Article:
For the past couple years, the stock market has seemed to defy gravity. And, since President Trump was elected, it has outright defied logic too. There really is no political or policy reason that stocks should have rallied so much since November. However, the stock market doesn’t care and rally it has.
Readers know that I don’t give much credence to the “anti-Fed, the whole world is in a bubble crowd” (see last Friday’s piece The Bubble in Bubble Calling is Bubbly). Those folks have successfully missed a massive bull market and called crashes that still haven’t happened (pssst, that’s because they don’t understand the economics of it all). That’s not to say I don’t think we could have a very significant stock market correction. I do. I think that a large portion of global equity markets are overvalued by 20-30% and eventually that should matter.
The question I have today, as we approach the cyclically slow period of the year that is being led off by a Fed meeting which will likely include an interest rate hike, is: Is it time to sell more stocks to avoid a summer swoon in share prices? I think the answer is a resounding “probably.”
A Rally for the Rally
The stock market is up about 13% since President Trump’s election. Since then, almost nothing has been done on the economy. Sure, there’s been some deregulation, but the health care plan hasn’t been improved, there hasn’t been a tax simplification (I’m on board with that), there hasn’t been a tax cut for the middle class (like that too), there hasn’t been an even bigger tax cut for the super rich (huh, are we really talking about that again?) and we haven’t committed to improving our deteriorating infrastructure so the economy can grow more efficiently.
But, 13% is 13% and that can’t be bad can it be? Well, if valuations are near all-time highs and we are in fact stuck in the “slow growth forever” I keep rambling on about, then yes, a rally can be bad. Why? Because when the snap back occurs, it’ll be worse than it needs to be. That won’t be good for the psyches of the emotionally fragile and generally under educated investors of America. I’m afraid that if we get a sharp bear market coupled with a recession – that’s usually how it happens – then we will see capital formation through the markets dry up again. That is the last thing the global economy needs.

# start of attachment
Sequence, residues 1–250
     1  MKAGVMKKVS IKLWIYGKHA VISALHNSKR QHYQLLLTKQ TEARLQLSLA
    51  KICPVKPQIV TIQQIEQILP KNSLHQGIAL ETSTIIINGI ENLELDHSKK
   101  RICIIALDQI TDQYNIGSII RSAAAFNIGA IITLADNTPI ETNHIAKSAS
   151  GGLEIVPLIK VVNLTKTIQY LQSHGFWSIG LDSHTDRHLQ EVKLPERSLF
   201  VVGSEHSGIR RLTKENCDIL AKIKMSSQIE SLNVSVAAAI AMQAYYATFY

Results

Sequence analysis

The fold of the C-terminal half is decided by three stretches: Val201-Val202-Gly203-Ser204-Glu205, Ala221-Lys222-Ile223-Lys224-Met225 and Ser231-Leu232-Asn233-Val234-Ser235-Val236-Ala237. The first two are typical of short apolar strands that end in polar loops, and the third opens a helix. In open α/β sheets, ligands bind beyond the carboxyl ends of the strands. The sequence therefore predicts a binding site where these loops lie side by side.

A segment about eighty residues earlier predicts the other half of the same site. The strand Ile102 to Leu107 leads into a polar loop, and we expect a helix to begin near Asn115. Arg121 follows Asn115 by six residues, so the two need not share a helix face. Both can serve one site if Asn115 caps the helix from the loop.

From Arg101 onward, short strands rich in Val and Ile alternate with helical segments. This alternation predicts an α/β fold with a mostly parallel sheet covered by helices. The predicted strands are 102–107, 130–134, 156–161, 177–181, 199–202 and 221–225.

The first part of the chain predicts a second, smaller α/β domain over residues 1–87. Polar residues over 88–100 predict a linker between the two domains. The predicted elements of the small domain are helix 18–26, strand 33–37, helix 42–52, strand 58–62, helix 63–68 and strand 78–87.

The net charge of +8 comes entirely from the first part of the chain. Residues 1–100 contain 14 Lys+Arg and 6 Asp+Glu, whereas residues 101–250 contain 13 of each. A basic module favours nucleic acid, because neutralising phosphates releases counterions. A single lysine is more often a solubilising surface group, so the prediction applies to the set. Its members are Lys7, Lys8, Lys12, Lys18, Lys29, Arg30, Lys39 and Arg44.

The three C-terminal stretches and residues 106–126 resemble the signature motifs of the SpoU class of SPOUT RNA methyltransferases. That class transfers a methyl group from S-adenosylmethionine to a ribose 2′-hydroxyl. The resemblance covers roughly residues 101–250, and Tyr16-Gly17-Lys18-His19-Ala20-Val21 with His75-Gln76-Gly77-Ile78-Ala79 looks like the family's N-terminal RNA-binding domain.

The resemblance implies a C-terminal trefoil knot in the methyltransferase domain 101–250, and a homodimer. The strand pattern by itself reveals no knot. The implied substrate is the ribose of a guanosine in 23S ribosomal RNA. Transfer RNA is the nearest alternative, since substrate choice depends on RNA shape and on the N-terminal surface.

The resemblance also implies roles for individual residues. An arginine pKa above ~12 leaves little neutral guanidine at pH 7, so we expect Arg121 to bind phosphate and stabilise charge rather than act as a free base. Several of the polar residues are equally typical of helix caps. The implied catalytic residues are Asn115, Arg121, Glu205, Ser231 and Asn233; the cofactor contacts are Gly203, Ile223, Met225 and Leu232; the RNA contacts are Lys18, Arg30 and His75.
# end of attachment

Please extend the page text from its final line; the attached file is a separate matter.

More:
I hope that the next correction and the next recession are both shallow and fast. I suspect that they will be (keep reading). So, when the next correction occurs, that will be a great time to put money to work quickly. As clients, subscribers and readers know, I have been holding about a quarter of my portfolio in cash for darn near two years now. Thank goodness for a couple stocks that have crushed the market to keep me on the high side of the indexes the past year. That Peter Lynch guy is pretty smart after all.
What about those Darn Central Banks?
Yesterday, European Central Bank Chairman Super Mario indicated that ECB stimulus would go on a long time. GOOD! All of these folks who keep saying the central banks are holding back the economy are simply and categorically wrong. If it weren’t for the post financial crisis central bank interventions and stimulus, “slow growth forever” would have morphed into “Great Depression 2.0.” If you don’t understand or believe that, please, please, please, read The General Theory of Employment, Interest and Money, then click your heels until you’re sure you are out of the Bubbleville Believers Club.